DES MOINES, Iowa — Ben Carson isn’t a politician, and it shows. At the Iowa State Fair on Sunday, Carson spent a good portion of his 17 minutes on the Des Moines Register soapbox talking about brain science and classical music, barely mentioning policy — and the crowd loved it.
Carson was mobbed at the fair. Hundreds of people watched him speak, and crowds thronged him as he moved down the main thoroughfare of the fairgrounds, taking selfies and signing autographs. Carson is, suddenly, a main contender in Iowa, where according to recent polling he’s second behind Donald Trump after the first Republican primary debate earlier this month, and his reception here — some people arrived two hours early in the blazing sun to get seats for Carson's speech — indicated that the enthusiasm is very real, and that Carson is not the only beneficiary of this year's surge of anti-Washington sentiment.
One voter, Shari Rutledge, 47, told BuzzFeed News that the last time she had participated in the Iowa caucus had been for President Obama. Now, she's a Carson supporter.
"What I like about him is the fact that he has education at the forefront for the kids," said Rutledge, who works in insurance. She said she isn't seriously considering any other candidates. Asked whether she now considers herself a conservative, Rutledge said, "Kind of in the middle. I think I always have been."
Construction superintendent Russ Noble, also 47, said he liked Donald Trump, but Carson "has some good vibes and everything. He's about the country and stuff, so it's between him and Trump."
Carson's "quiet, he's mellow, but Trump's got a set of nuts, you know?" Noble said.
At first glance it seems like a contradiction to be stuck between Trump and Carson, two very different men: Carson is mild where Trump is brash, pleasant where Trump is abrasive. But the men share a penchant for the controversial, a reputation for saying and being willing to say what people actually believe, and both can lay the biggest claim on "outsider" status in the Republican field. In short: Carson and Trump don't sound like politicians.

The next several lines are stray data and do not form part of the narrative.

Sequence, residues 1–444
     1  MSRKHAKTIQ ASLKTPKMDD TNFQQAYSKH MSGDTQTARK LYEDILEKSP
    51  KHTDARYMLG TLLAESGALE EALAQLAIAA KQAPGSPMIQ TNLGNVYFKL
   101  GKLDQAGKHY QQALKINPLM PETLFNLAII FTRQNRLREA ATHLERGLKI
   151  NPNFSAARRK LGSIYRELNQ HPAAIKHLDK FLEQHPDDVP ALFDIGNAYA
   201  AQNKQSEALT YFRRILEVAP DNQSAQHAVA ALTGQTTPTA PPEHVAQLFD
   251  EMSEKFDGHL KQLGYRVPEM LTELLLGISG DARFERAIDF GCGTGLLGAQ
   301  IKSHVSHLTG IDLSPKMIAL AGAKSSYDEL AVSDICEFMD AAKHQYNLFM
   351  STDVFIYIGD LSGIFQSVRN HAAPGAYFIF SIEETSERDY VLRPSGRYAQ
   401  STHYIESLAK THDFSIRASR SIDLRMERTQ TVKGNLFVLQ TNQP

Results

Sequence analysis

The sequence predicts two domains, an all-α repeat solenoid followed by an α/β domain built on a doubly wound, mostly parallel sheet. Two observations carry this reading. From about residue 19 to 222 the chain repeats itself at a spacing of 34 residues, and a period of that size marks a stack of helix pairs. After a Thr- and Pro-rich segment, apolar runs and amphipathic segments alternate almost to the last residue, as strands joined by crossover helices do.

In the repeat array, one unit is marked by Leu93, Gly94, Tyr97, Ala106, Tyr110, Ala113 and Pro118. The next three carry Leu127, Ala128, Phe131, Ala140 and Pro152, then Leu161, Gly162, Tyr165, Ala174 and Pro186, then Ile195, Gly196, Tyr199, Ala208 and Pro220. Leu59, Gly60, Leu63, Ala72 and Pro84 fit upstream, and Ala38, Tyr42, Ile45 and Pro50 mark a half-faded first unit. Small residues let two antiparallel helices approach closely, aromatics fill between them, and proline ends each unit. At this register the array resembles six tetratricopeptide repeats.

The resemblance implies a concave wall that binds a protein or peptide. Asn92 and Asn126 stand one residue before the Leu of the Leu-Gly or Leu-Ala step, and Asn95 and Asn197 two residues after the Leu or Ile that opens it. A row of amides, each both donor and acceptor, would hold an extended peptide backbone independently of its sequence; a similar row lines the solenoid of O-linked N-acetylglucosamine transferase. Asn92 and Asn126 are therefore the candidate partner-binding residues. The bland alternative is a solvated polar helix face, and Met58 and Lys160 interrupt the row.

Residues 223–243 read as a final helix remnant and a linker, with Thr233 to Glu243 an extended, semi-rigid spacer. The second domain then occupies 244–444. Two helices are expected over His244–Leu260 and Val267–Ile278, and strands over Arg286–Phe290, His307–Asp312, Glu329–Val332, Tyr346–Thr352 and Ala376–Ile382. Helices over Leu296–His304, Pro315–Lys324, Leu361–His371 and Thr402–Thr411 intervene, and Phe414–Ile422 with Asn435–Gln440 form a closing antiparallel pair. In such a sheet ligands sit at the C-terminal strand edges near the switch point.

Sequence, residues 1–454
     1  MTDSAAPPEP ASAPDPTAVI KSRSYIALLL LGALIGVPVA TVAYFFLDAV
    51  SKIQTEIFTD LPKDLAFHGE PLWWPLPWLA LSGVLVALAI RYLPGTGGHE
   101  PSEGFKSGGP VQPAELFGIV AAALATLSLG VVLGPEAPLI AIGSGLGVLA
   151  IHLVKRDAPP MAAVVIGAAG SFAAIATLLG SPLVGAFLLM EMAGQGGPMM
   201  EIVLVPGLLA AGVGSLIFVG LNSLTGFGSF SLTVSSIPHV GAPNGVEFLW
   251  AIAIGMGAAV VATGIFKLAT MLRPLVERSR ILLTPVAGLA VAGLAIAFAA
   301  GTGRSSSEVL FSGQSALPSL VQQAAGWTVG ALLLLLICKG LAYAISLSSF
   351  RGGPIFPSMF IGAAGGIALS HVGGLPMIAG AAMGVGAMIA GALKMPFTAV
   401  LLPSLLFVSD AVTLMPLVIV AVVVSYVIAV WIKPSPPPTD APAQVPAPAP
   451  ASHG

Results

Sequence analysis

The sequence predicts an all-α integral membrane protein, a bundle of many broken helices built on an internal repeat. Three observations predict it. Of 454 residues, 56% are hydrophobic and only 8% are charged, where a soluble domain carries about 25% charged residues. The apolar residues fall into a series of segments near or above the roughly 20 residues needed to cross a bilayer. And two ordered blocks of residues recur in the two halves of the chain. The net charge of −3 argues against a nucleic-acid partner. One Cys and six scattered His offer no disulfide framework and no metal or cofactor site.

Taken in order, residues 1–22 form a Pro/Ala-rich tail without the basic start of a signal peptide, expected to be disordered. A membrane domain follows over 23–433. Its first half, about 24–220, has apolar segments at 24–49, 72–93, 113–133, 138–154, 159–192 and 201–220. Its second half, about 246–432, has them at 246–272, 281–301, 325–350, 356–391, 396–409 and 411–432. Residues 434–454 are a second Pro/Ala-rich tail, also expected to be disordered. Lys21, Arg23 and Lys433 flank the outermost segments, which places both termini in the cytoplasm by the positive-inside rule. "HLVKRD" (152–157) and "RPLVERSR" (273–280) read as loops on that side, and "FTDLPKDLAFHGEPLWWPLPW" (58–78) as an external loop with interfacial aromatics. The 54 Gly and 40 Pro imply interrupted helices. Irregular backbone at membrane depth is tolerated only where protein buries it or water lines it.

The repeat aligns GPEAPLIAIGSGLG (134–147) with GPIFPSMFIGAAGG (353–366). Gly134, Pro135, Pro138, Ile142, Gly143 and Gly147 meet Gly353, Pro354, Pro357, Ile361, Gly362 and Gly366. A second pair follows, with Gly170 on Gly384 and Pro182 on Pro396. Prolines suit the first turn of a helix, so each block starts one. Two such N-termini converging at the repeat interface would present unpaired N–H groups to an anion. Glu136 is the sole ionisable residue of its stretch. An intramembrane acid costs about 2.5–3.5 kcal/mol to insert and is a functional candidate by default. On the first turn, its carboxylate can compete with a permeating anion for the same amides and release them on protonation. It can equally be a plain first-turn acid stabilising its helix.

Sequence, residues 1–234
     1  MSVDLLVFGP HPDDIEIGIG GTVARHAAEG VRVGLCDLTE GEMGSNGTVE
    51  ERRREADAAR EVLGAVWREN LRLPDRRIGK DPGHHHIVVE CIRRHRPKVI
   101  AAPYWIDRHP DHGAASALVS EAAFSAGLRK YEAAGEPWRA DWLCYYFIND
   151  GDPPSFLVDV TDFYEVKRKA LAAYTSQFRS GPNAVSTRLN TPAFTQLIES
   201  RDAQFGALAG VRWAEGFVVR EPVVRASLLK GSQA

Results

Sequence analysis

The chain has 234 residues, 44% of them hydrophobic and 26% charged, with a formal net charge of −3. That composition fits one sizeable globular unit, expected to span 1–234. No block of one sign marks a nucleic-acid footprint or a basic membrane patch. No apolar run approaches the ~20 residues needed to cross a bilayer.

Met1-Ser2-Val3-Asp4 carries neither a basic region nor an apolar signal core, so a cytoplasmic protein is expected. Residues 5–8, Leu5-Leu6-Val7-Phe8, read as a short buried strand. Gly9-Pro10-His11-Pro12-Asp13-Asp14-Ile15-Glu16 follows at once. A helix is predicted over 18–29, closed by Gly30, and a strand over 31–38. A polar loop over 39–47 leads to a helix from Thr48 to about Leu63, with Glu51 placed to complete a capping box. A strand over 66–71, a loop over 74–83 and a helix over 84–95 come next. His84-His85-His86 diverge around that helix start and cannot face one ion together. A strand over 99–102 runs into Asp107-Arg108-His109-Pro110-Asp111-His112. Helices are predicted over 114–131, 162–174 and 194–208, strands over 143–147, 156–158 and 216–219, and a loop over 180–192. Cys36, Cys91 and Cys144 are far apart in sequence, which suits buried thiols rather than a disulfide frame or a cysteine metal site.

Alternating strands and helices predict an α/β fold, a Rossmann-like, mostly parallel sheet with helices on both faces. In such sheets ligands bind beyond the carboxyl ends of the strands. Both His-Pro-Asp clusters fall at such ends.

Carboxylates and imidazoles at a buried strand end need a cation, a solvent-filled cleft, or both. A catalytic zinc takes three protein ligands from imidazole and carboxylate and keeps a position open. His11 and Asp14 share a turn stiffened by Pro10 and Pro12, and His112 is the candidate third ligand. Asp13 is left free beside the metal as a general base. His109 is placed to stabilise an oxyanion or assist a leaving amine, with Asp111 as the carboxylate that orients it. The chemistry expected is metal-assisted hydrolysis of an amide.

And in his stump speech on the soapbox, Carson didn’t mention anything policy-related until 10 minutes in (candidates are given 20 minutes each to do as they please on the soapbox), when he started talking about fiscal policy. This was after an extended segue about how the brain works, laden with medical jargon, and more than one aside about his love of classical music. Carson's erudition and meandering speaking style, far from being a turnoff, prompted several rounds of applause and laughter from the crowd. "Carson’s campaign-trail remarks may raise questions about whether his goal is actually to reach the White House or merely to further introduce himself to the American people, to increase his celebrity, and to sell more books," National Review surmised last month.